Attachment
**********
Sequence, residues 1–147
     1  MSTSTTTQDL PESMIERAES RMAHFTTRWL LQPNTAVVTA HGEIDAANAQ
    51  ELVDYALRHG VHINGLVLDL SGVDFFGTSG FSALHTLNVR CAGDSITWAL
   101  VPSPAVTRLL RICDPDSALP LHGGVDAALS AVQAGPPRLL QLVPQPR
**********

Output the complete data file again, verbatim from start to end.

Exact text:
Sequence, residues 1–147
     1  MSTSTTTQDL PESMIERAES RMAHFTTRWL LQPNTAVVTA HGEIDAANAQ
    51  ELVDYALRHG VHINGLVLDL SGVDFFGTSG FSALHTLNVR CAGDSITWAL
   101  VPSPAVTRLL RICDPDSALP LHGGVDAALS AVQAGPPRLL QLVPQPR